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Our quantitative data points are meant to provide a high-level understanding of factors in equity risk models for Hewlett Packard Enterprise. Portfolio managers use these models to forecast risk, optimize portfolios and review performance.
We show how HPE stock compares to 2,000+ US-based stocks, and to peers in the Electronic Technology sector and Computer Processing Hardware industry.
Please do not consider this data as investment advice. Data is downloaded from sources we deem reliable, but errors may occur.
Hewlett Packard Enterprise Co. engages in the provision of information technology, technology and enterprise products, solutions, and services. It operates through the following segments: Hybrid IT, Intelligent Edge, Financial Services, and Corporate Investments. The Hybrid IT segment provides a broad portfolio of services-led and software-enabled infrastructure and solutions. The Intelligent Edge segment comprises of enterprise networking and security solutions for businesses of any size, offering secure connectivity for campus and branch environments, operating under the Aruba brand. The Financial Services segment offers investment solutions, such as leasing, financing, information technology consumption, utility programs and asset management services. The Corporate Investments segment includes Hewlett Packard Labs and certain business incubation projects. The company was founded in 1939 and is headquartered in San Jose, CA.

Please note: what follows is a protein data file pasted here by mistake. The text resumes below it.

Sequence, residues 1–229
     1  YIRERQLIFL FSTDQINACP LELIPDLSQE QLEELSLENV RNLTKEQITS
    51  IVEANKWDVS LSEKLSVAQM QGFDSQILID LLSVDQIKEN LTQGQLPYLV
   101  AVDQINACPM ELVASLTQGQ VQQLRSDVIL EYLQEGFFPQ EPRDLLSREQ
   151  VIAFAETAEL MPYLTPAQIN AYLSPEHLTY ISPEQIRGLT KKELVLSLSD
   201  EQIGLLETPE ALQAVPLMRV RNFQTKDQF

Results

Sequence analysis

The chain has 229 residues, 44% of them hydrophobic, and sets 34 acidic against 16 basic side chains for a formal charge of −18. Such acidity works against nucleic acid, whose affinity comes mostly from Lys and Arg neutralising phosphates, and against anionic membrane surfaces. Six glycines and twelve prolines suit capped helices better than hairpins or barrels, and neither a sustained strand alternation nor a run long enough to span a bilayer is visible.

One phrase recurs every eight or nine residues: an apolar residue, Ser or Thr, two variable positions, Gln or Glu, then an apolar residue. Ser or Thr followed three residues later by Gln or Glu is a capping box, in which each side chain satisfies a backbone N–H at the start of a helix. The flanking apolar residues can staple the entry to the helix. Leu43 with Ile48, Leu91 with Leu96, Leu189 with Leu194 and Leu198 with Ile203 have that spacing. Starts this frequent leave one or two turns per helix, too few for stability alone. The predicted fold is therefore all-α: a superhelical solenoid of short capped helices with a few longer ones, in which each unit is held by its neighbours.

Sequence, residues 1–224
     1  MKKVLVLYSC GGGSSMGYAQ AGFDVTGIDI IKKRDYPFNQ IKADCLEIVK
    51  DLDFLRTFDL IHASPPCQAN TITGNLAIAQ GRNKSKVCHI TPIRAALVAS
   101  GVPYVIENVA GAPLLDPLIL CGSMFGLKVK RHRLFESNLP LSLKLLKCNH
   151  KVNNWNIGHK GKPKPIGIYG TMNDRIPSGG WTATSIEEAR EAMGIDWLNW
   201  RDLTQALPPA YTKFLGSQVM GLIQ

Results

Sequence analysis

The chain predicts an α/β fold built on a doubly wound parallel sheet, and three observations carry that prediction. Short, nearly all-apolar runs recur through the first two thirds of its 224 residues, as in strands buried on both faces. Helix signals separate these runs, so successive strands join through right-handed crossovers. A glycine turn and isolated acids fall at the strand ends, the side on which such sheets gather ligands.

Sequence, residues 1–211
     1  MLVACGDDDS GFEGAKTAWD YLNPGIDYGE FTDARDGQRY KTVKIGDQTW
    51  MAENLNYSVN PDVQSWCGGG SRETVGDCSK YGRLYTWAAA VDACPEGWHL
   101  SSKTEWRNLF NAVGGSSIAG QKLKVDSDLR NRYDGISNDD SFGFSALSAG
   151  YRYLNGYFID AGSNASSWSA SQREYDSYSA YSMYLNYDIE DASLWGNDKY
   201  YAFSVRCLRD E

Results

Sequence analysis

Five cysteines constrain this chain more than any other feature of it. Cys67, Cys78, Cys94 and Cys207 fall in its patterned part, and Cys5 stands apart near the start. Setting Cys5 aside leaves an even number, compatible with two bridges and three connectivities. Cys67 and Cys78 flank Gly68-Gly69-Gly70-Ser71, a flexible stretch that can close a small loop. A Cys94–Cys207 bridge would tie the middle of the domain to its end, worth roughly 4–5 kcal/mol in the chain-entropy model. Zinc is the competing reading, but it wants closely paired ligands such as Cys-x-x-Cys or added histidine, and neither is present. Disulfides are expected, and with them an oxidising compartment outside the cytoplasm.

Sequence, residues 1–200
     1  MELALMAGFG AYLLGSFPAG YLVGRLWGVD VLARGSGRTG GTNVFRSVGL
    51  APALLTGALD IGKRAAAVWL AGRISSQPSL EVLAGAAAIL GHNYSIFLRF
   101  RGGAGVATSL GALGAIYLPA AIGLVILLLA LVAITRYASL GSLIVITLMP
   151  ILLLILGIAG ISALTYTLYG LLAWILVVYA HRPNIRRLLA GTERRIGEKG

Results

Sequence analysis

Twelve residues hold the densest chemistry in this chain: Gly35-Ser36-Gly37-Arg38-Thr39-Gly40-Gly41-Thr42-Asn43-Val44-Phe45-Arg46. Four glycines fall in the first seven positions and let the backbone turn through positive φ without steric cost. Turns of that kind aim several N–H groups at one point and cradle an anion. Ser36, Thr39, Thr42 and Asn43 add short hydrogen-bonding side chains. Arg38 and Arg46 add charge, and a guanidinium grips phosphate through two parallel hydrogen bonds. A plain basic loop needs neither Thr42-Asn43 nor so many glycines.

Many of the following risk metrics are standardized and transformed into quantitative factors in institutional-level risk models.
Rankings below represent percentiles from 1 to 100, with 1 being the lowest rating of risk.
Stocks with higher beta exhibit higher sensitivity to the ups and downs in the market. (↑↑)
Stocks with higher market capitalization often have lower risk. (↑↓)
Higher average daily dollar volume over the past 30 days implies lower liquidity risk. (↑↓)
Higher price momentum stocks, aka recent winners, equate to lower risk for many investors. (↑↓)
Style risk factors often include measures of profitability and payout levels.
Companies with higher earnings generally provide lower risk. (↑↓)
Companies with higher dividend yields, if sustaintable, are perceived to have lower risk. (↑↓)
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